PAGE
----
Study Guide

if everything happens that can't be done Quotes

  • Love

    forever was never till now (27)

    Though we haven't heard anything about love yet in this poem, thinking about "forever" sure does make us think about love. This line also tips us off that when we do hear about love, we know that it's not just puppy love, but a forever kind of love. You know, the kind of love that makes things that seemed impossible possible?

    now i love you and you love me (28)

    How simple and straightforward. The speaker is addressing someone whom he loves, and who he seems to be pretty sure loves him back. We're happy for him, and we're also happy that we can finally figure out the reason why our speaker is so darn playful and happy in this poem. It's an a-ha moment for us readers.

    there's somebody calling who's we (36)

    The speaker feels his love for this person is changing him from a "me" to a "we." It's as if this mysterious "we-ness" is calling him on the telephone, just to let him know that he's more than himself now; he's the person he loves, too.

    we're anything brighter than even the sun (37)

    This hyperbole expresses the brilliance of being a "we" on account of love. Even the sun isn't as bright as the relationship between these two lovebirds. Sigh.

    alive we're alive (44)

    He feels <em>so</em> alive that he uses the word "alive" twice in a three-word line. Okay, dude, we get it. You're in love, and it feels spectacular.

    we're wonderful one times one (45)

    So, we already pretty much know from the rest of the poem that the couple being described is wonderful. We think, though, that the idea of describing a wonderful love as "one times one" is pretty cool. When you think about a couple, you probably think of one plus one – two people, together. Instead, this couple is one times one, which equals one.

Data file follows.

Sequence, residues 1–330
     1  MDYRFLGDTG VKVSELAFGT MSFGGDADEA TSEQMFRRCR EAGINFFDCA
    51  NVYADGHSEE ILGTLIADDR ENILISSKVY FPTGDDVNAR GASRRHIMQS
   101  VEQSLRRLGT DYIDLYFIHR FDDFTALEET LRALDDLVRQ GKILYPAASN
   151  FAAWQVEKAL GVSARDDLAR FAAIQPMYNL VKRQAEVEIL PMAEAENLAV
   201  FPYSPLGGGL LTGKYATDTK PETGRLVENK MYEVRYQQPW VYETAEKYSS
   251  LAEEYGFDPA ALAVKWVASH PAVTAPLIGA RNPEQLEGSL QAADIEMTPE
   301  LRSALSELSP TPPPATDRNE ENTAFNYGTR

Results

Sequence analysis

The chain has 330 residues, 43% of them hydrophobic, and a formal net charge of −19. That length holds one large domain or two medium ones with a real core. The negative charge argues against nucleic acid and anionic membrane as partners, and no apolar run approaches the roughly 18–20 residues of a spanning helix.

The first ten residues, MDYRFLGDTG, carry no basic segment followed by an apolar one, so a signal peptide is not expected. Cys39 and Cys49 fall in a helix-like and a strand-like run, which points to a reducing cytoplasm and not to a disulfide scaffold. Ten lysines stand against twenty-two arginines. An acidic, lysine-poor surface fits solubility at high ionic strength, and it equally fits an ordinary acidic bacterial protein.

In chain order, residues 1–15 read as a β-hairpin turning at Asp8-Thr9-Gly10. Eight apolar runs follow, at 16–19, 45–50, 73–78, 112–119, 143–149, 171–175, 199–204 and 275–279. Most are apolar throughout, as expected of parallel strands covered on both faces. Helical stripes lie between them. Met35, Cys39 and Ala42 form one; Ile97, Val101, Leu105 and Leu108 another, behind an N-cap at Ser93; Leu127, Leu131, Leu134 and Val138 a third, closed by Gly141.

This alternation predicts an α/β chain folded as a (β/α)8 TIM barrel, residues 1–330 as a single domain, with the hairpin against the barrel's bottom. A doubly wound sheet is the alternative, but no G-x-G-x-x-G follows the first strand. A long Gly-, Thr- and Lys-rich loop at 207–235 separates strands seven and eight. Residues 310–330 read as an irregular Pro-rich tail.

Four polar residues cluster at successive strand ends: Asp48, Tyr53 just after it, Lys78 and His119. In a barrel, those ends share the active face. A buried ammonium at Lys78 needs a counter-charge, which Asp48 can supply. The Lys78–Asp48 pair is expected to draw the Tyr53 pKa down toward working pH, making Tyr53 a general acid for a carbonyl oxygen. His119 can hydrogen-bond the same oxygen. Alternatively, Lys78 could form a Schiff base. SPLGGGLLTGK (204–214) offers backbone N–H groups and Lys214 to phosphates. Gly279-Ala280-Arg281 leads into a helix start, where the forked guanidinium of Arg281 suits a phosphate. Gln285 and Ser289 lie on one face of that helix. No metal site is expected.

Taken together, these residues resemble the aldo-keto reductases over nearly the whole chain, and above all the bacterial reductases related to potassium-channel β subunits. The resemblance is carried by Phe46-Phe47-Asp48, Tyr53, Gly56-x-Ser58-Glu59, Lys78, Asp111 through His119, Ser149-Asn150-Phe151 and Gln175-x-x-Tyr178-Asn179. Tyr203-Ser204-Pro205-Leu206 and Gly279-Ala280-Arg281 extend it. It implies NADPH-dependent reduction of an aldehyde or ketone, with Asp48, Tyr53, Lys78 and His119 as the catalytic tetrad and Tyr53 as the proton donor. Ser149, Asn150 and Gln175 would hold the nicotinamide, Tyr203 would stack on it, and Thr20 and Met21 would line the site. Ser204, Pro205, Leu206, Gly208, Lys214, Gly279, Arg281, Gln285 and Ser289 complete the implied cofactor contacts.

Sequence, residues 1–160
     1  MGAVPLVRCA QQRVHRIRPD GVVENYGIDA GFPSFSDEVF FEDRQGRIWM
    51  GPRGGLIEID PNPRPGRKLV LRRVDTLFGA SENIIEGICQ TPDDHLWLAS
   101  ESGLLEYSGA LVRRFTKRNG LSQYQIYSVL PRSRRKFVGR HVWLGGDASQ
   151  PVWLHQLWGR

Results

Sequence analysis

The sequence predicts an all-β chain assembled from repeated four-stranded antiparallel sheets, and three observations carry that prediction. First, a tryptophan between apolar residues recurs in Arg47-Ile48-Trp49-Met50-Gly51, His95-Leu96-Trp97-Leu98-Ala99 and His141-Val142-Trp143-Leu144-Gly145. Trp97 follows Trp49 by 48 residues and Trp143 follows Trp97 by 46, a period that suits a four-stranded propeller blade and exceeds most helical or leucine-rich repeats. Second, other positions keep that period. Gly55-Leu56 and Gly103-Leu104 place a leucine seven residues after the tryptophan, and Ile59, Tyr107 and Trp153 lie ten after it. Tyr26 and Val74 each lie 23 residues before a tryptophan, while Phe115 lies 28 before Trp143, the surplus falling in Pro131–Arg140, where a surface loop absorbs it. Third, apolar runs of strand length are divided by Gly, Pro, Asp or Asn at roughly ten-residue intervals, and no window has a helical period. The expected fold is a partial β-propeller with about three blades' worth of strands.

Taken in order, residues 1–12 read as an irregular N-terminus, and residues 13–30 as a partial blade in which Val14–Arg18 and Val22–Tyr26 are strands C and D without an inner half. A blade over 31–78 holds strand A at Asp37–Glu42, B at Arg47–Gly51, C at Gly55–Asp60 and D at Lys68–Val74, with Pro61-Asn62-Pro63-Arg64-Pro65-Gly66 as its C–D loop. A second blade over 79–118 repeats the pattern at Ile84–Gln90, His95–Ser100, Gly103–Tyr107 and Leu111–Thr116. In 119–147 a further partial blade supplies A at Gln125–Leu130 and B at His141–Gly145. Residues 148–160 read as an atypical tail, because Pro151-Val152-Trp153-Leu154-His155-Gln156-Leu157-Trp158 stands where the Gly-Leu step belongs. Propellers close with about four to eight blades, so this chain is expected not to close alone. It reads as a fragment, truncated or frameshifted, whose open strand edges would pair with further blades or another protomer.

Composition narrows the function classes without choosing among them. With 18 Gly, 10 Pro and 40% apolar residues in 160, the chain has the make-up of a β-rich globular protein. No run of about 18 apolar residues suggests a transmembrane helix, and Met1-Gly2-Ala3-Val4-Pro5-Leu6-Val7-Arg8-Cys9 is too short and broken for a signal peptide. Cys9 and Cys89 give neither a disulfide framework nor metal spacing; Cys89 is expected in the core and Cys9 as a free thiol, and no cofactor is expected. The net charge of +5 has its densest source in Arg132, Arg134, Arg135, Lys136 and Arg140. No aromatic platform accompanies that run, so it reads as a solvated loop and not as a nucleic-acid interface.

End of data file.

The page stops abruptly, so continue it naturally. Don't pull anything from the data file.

• Education

    the stupidest teacher will almost guess (5)

    After we hear the second through fourth lines claiming that books don't always plan things right, we hear about the "stupidest teacher." The poem has a negative attitude towards books and school the whole way through, which stands out because the rest of the poem is so positive.

    (with a run
    skip
    around we go yes) (6-8)

    Now, you might be thinking, how do these lines relate to education? Our answer is that perhaps these lines relate to one of the parts of education we think our speaker likes: recess. Throughout the poem, many of the parentheses contain lines that express a joy like you'd find in a playground.

    (and buds know better
    than books
    don't grow) (11-13)

    Here we get a little bit of book bashing. Except it's not quite bashing. He's just saying, "Hey, buds, the first fresh growth of nature, know better than books." Even though we don't expect books to grow, these lines point that out as something wrong about books. Maybe, the lines suggest, the ability to grow is more important than we realize, and books can't grow because, well, you can't add more words to them, can you?

    (and birds sing sweeter
    than books
    tell how) (20-22)

    Again, these lines seem to point out a negative about books that we've never really considered before – that books don't sing. Birds, however, do, so perhaps we should listen to them rather than what we read in a book.

    (with a shout
    each
    around we go all) (33-35)

    These lines bring us back to the glee and joy of recess. They make us think of a circle of kids, spinning around and shouting some word game. Ah, remember the good old days of elementary school?

    (we're everything greater
    than books
    might mean) (38-40)

    These lines are the finale of this poem's anti-book sentiments. "We" – which here means the couple in this poem, but probably also people in general, and specifically people who are in love – are just plain better than books.

  • Man vs. the Natural World

    (and buds know better
    than books
    don't grow) (11-13)

    Here, we see the speaker's preference for nature. Flower buds not only grow, they know better than books. Well we're not sure what we've ever learned about math and physics from flower buds, but they sure can teach just as well as a book about the beauty of this world.

    so world is a leaf so a tree is a bough (19)